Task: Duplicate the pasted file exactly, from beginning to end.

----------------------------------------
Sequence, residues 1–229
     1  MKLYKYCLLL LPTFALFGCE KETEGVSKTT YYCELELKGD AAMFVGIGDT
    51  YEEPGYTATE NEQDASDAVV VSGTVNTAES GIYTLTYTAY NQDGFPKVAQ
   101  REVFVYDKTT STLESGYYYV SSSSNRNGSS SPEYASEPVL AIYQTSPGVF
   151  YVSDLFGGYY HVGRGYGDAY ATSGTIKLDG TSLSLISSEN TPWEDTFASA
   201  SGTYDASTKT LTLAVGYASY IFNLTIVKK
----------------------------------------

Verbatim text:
Sequence, residues 1–229
     1  MKLYKYCLLL LPTFALFGCE KETEGVSKTT YYCELELKGD AAMFVGIGDT
    51  YEEPGYTATE NEQDASDAVV VSGTVNTAES GIYTLTYTAY NQDGFPKVAQ
   101  REVFVYDKTT STLESGYYYV SSSSNRNGSS SPEYASEPVL AIYQTSPGVF
   151  YVSDLFGGYY HVGRGYGDAY ATSGTIKLDG TSLSLISSEN TPWEDTFASA
   201  SGTYDASTKT LTLAVGYASY IFNLTIVKK